GUIDELINES FOR CANDIDATES WORKING TOWARDS A FOUNDATION INTERVIEW
General Points of Advice
- Try working at different speeds and for different durations, for example, working sometimes on a series of quick studies of several minutes each, and sometimes for longer periods, allowing repeated looking and working back into your drawing.
- Return to a piece of work on another day (perhaps at the same time, for consistency of light etc.) and rework it, or do the same subject again in another way.
- Be self-critical, and do not be reluctant to rub out and change things, when needed.
- Put your work up on a wall, so that you can see it continuously, and begin to recognise its shortcomings.
- If you know anyone else awaiting interview, see and discuss one another’s work and difficulties.
- Try to devise and keep a regular personal routine of working, try always to take risks and extend yourself and your understanding.
Media and Scale
- Do not spend large amounts of money but do buy essential drawing materials.
- Try out a range of scales from small (in sketch-books or on small pieces of paper or card) through to large, (A1 or A2or larger).
- Try sometimes to alter the surface of the paper by applying thin washes of tone/colour, using emulsion, powder paint, acrylic or other water based paints, and allow to dry, before working over.
- Be as curious about media as you can and try out a good range of things which are available to you, including dry (pencil, charcoal, pastel, conte), wet (ink, wash, oil pastels) and other media onto these different surfaces. Whenever possible, combine a range of media in the same work.
- Look for ways in which scale and media encourage different kinds of mark and gesture, see how wide a range of marks you can make, and then think about the kinds of subject for which they would be appropriate.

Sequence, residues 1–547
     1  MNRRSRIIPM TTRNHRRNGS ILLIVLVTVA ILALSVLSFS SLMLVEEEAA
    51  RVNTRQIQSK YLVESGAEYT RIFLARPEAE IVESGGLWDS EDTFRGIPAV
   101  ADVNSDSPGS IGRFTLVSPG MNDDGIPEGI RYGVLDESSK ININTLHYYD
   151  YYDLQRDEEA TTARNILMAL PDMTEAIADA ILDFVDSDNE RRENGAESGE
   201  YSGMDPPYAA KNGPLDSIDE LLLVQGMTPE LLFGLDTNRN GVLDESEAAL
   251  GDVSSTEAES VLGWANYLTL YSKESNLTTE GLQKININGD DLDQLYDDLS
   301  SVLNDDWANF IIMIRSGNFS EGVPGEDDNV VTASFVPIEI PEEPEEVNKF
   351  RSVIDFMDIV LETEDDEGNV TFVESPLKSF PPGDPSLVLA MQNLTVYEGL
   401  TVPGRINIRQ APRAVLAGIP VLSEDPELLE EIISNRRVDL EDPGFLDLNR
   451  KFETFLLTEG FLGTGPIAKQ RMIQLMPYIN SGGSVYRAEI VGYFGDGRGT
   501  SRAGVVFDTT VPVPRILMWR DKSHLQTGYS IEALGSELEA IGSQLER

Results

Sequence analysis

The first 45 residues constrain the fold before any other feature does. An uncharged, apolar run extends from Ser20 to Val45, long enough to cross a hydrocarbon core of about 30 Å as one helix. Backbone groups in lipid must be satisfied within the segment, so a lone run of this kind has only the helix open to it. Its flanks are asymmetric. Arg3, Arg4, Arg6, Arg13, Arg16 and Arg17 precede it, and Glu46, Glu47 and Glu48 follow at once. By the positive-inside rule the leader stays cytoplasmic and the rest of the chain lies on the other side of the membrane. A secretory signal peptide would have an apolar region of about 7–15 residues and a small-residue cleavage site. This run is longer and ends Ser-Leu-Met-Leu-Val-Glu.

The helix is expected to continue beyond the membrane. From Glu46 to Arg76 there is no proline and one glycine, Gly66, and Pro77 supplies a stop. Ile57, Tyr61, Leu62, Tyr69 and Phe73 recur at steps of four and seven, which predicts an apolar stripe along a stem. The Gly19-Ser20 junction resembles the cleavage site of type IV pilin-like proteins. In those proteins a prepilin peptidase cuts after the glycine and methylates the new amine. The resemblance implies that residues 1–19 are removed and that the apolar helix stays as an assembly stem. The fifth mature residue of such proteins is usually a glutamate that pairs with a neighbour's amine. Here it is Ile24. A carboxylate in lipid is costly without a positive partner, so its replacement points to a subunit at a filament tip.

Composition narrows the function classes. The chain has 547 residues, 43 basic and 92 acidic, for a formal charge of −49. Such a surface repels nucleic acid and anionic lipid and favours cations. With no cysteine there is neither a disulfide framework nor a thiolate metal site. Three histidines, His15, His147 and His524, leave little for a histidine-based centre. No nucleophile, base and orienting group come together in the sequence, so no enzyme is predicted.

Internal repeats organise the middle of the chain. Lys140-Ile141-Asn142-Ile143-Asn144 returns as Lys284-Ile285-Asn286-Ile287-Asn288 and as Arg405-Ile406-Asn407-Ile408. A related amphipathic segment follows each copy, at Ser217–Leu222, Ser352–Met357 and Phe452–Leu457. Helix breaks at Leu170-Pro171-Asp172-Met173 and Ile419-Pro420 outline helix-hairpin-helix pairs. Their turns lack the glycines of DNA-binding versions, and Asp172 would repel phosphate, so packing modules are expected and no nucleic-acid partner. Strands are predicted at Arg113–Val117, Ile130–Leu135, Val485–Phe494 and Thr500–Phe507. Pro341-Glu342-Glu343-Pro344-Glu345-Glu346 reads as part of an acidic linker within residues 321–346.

- Think hard about what you are attempting to do in each drawing, and try to explore particular concerns, like surface, texture, line, shape, light and shade, colour, form, movement and so on.
- The figure (either by attending a life drawing class, drawing your own figure or those or people around you.)
- Head/portrait – either of self or others. An imaginative use of angle, lighting and mirrors is valuable, rather than drawing the portrait too symmetrically and from directly in front.
- Still life studies of visually interesting objects collected or already in your environment. These can be studied individually as well as in still life groupings. Look for personal, unusual, challenging subjects and avoid the standard set-up of wine bottles, fruit baskets, and so on.
- Interesting rooms in your own house, garage, greenhouse or other accessible interior spaces.
- Landscape, cityscape and interesting architecture.
- Animals, machinery and things seen in Museums.
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